Take the 2-minute tour ×
Stack Overflow is a question and answer site for professional and enthusiast programmers. It's 100% free, no registration required.

I am trying to develop an augmented reality program that overlays a 3d object on top of a marker. The model does not move along(proportionately) with the marker. Here are the list of things that I did

1) Using opencv: a) I used the solvepnp method to find rvecs and tvecs. b) I also used the rodrigues method to find the rotation matrix and appended the tvecs vector to get the projection matrix. c) Just for testing I made some points and lines and projected them to make a cube. This works perfectly fine and I am getting a good output.

2) Using irrlicht: a) I tried to place a 3d model(at position(0,0,0) and rotation(0,0,0)) with the camera feed running in the background. b) Using the rotation matrix found using rodrigues in opencv I calculated the pitch, yaw and roll values from this post("http://planning.cs.uiuc.edu/node103.html") and passed the value onto the rotation field. In the position field I passed the tvecs values. The tvecs values are tvecs[0], -tvecs[1], tvecs[2].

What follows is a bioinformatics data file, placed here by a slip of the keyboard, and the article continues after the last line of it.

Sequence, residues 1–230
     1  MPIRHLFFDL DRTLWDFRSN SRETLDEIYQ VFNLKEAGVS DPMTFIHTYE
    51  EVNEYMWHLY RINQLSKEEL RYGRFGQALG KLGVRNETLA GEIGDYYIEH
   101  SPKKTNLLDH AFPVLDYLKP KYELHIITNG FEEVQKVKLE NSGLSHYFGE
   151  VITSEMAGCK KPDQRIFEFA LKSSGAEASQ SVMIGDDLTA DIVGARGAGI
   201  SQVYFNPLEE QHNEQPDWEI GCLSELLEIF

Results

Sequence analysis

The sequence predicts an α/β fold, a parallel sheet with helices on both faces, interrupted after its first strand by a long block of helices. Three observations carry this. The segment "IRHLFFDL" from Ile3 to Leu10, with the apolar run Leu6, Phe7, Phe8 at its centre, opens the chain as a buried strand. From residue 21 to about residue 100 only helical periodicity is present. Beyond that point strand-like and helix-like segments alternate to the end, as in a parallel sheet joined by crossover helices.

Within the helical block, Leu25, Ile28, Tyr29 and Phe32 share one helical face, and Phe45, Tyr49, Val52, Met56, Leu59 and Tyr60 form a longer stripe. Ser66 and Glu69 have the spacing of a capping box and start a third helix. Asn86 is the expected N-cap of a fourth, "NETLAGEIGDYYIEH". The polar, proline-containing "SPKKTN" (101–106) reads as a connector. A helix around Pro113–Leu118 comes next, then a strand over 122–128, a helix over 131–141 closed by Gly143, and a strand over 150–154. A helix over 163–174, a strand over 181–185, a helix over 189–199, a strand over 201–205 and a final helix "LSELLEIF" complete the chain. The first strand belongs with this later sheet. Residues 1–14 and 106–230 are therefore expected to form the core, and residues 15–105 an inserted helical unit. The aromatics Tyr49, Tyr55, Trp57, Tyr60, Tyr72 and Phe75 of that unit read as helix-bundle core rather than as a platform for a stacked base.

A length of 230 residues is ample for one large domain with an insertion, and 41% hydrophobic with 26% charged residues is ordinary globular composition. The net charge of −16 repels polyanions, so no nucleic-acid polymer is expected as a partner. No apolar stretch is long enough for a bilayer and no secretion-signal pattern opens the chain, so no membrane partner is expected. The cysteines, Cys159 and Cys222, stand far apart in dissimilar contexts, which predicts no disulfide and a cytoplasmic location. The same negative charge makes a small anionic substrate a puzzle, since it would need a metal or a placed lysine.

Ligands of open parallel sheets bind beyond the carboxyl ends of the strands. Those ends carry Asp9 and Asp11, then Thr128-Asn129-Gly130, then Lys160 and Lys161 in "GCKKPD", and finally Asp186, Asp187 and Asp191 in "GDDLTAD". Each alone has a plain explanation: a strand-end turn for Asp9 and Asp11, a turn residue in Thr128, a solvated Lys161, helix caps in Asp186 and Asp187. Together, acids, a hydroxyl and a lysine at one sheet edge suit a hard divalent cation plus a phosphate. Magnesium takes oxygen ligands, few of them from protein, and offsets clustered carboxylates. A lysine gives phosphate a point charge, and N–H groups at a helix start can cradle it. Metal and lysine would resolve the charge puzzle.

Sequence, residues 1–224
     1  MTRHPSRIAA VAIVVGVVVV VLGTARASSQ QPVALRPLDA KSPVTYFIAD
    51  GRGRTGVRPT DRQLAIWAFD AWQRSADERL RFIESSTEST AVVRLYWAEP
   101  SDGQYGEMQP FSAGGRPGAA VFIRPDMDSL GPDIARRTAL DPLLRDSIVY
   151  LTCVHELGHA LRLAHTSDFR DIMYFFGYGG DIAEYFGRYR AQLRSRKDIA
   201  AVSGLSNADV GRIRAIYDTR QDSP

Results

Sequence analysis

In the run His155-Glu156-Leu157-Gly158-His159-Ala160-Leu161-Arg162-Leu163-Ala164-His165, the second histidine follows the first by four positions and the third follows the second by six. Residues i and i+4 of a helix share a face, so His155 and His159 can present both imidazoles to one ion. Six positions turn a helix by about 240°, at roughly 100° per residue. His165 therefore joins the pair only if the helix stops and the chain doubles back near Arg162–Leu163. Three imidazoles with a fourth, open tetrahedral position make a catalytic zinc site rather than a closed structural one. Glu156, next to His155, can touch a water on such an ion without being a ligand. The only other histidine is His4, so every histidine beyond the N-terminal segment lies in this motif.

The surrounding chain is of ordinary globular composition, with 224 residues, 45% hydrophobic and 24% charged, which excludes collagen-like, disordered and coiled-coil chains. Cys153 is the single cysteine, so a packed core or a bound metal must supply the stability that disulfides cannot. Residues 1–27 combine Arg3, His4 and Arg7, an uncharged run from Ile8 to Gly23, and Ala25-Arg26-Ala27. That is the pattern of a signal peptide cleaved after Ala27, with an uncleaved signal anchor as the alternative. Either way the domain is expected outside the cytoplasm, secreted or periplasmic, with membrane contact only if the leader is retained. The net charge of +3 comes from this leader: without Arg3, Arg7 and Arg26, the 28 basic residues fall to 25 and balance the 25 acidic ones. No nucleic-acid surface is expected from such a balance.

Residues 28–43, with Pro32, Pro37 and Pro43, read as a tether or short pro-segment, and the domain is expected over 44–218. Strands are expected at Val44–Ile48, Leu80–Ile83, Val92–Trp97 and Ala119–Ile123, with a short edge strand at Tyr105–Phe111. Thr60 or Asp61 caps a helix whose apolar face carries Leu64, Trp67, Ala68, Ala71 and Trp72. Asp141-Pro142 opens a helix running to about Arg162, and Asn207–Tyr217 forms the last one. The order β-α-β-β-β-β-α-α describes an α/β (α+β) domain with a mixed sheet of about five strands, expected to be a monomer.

The model is moving in the correct directions but it is not moving proportionately. Meaning, if I move the marker 100 pixels in the x direction, the model only moves 20 pixels(the values 100 and 20 are not measured, I just took arbitrary values illustrate the example). Similarly for y axis and z axis. I do know I have to introduce another transformation matrix that maps the opencv camera coordinates to irrlicht camera coordinates and its a 4x4 matrix. But I do not know how to find it. Also the opencv's projections matrix [R|t] is a 3x4 matrix and it yields a 2d point that is to be projected. The 4x4 matrix mapping between opencv and irrlicht requires a 3d point(made homogeneous) to be fed into a 4x4 matrix. How do I achieve that?

share|improve this question

1 Answer 1

The 4x4 matrix You are writing about seems to be M=[ R|t; 0 1]. t is 3x1 translation vector. To get the transformed coordinates v' of 4x1 ([x y z 1]^T) point v just do v'=Mt.

Your problem with scaling may be also caused by difference in units used for camera calibration in OpenCV and those used by the other library.

share|improve this answer

Your Answer


By posting your answer, you agree to the privacy policy and terms of service.

Not the answer you're looking for? Browse other questions tagged or ask your own question.